Friday, December 9, 2011

A Century Later: Masi Partenza with SRAM Apex

A while back we received our first batch of Masi bicycles, and Robby Susilo of Rocket Company kindly gave us away one Partenza along with it. Respect!



Running a shop means I don't have a lot of time to ride epic distances or going to exotic places, but as a daily commuter cyclist it doesn't take long to log a century to this bike. If you're new to cycling, a century means a 100 miles ride, or around 160km. Yes, I didn't log that 100 miles at once, but given the fact that we ride at least 10 to 30km a day, I managed to clocked somewhere around 200km after a couple of weeks. Here's my impression of the bike after a century—or 160km—later.
The Partenza is originally equipped with 8-speed Shimano 2300 shifters and derailers. Not long after the bike arrived we've managed to score a deal of being a reseller of SRAM components, mainly their road bike lineup. Since the bike's front brake was originally set on the left lever (as opposed to our liking), instead of just swapping the cables we ended up installing brand new SRAM Apex shifters. Of course, this means we have to swap the rear derailer as well, so a matching spanking new Apex was assigned.
The Apex is a 2 x 10-speed system. We got a nice trade deal on a Shimano Ultegra 6600 12-23T cassette taken off this bike so we combined it with KMC X10 chain and the cobbled together, not-so-new 2 x 10-speed system is ready for action.



The Crankbrothers Candy is heavier than the minimalist Eggbeater, but the surrounding plastic cage provides nice pedaling platform.
SRAM front shifter is compatible with Shimano front derailers, so we still use Partenza's stock derailer. But we might change it later for better shifting performance.
We feel the silver-finished Tektro brake calipers didn't suit the whole look of the bike so we swapped them with a pair of black Promax calipers which are tuned to provide smoother and lighter action. Baradine pads provide sure-footed stopping power, even in the wet.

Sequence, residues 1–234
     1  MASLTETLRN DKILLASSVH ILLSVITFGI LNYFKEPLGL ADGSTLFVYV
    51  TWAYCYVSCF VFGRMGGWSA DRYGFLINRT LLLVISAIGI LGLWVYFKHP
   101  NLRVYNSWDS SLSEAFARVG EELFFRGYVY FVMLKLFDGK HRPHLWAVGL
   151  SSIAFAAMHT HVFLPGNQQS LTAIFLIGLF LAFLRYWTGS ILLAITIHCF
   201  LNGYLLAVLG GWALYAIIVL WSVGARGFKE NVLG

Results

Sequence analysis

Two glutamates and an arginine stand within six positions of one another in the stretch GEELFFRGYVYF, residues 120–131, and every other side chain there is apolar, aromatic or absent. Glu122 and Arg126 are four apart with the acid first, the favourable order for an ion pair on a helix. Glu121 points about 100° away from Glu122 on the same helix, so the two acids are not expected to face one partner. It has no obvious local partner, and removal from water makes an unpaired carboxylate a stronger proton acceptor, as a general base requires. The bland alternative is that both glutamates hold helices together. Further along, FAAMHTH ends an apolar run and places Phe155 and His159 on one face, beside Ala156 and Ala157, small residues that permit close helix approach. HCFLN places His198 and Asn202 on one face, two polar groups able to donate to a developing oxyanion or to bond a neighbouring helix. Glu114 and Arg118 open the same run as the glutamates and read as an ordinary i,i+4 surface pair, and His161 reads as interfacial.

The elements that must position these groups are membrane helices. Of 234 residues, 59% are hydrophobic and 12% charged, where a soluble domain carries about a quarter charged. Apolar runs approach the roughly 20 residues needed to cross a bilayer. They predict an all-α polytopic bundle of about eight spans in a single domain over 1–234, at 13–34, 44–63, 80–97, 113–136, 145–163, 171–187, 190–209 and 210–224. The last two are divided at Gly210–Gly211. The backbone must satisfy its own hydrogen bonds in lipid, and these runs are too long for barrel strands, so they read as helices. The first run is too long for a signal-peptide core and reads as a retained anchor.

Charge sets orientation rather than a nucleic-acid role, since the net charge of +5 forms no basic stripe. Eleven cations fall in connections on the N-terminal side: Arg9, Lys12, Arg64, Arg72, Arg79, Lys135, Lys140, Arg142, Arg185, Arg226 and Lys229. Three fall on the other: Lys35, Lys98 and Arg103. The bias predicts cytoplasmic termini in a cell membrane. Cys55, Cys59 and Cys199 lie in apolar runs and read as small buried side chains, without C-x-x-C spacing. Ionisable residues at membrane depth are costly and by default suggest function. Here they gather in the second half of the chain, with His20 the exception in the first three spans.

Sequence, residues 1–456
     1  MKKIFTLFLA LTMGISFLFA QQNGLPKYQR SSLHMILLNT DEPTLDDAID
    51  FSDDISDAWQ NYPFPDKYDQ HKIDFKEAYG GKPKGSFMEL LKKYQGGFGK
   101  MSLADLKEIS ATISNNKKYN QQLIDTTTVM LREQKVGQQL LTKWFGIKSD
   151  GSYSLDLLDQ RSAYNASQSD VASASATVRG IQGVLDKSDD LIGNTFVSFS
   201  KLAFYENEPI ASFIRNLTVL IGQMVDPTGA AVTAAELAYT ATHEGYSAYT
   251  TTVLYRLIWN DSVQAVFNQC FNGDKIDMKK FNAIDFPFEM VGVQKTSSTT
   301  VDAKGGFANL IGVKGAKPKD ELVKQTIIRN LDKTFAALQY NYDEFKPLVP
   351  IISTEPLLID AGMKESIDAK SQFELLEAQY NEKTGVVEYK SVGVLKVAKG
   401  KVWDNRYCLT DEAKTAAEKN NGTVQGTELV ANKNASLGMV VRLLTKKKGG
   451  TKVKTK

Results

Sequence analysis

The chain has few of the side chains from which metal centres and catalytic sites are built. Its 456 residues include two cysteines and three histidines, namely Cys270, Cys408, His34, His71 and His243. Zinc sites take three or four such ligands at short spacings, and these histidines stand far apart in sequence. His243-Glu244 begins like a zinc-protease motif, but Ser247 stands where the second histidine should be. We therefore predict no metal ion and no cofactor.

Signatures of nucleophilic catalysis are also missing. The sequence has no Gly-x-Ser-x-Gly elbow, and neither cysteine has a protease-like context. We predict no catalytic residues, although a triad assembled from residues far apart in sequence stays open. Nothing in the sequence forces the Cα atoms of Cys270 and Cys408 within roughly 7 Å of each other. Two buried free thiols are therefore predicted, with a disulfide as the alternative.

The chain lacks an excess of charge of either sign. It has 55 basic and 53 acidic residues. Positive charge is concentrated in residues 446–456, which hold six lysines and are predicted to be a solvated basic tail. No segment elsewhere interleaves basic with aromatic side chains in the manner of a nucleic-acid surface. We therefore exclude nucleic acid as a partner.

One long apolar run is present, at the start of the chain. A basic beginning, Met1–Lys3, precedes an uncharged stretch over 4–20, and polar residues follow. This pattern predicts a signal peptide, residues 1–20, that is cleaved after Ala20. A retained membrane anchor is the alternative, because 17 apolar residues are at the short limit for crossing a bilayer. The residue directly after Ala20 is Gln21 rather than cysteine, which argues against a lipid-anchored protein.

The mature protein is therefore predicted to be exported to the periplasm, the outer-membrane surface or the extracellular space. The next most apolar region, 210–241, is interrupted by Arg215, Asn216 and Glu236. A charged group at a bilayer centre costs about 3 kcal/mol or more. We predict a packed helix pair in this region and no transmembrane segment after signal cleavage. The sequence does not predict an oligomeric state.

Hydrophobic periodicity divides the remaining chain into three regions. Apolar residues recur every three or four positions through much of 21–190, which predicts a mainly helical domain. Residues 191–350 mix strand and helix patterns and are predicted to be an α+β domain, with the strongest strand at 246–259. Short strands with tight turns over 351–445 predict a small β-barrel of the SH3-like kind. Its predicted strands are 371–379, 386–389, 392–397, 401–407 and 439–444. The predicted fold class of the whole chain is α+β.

Actually SRAM road brakelevers and brake calipers are using slight different cable pull ratio to Shimano standard, probably to make them perform better when combined with Avid cantilever brakes. When SRAM levers are used with calipers that's using Shimano cable pull ratio standard (i.e, every non-SRAM caliper brakes), the result is quicker yet a bit abrupt braking reaction... which I liked. If you prefer having normal, smooth braking control you might want to go with entire SRAM brake system anyway.

These tires used to be white. Me gusta.

Shifting with SRAM levers is also a different experience. With Shimano, to move the chain to larger cog/chainring you push the brakelever sideways, while to move the chain to smaller cog/chainring you push another lever behind the brakelever, or a small thumb lever on their entry level models. On Campagnolo, you push a lever behind the brakelever to move the chain to larger cog/chainring and push a small thumb lever to drop the chain. SRAM combines the two, putting only one lever behind the static brakelever that shifts both up and downwards. Dubbed as Double Tap, a single click on the lever push will drop the chain down, while the second and third click (when you push the lever further sideways) will move the chain to one or two larger cog/chainring, respectively.
Switching the brakelevers means we have to replace the bartape as well, so we put our long time favorite Charge U-Bend on. The synthetic finish is easy to clean even though I often ride it with my hands still a bit slathered with grease. Charge label also found on the Chopstick seatpost and Knife saddle, giving enough comfort while reducing some weight.


The whole upgrade still didn't change the overall look of the bike, so to set this bike apart from stock Partenzas we finally put white Vittoria Zaffiro 23c tires. With Crankbrother Candy pedals installed the 53cm bike now weighs 9,6kg.
At last week's family gathering at Cipanas we take this Partenza along and log a couple of climbing kilometers on it. The frame performed well, all with relaxed geometry amd carbon fork that soaked up most of bumps and road vibration. The only kvetch was the wheels: they're fine, but as a wheelbuilder I really wanted to build something light and tough that suits my riding style better. The 12-23T cassette made the gearing a bit higher than the stock 8-speed 12-25T so hills become chore for me. Two teeth really made a lot of difference, but since I mostly ride the Partenza on flat urban environment the 23T cassette doesn't matter much.
Beside wheels the next improvement for our Partenza will be a 175mm crankset to replace the stock 172,5mm FSA Tempo, but until then we'll ride it hard on this state. So next time you see this bike swerving around in Jakarta traffic, don't hesitate to wave and say hi.

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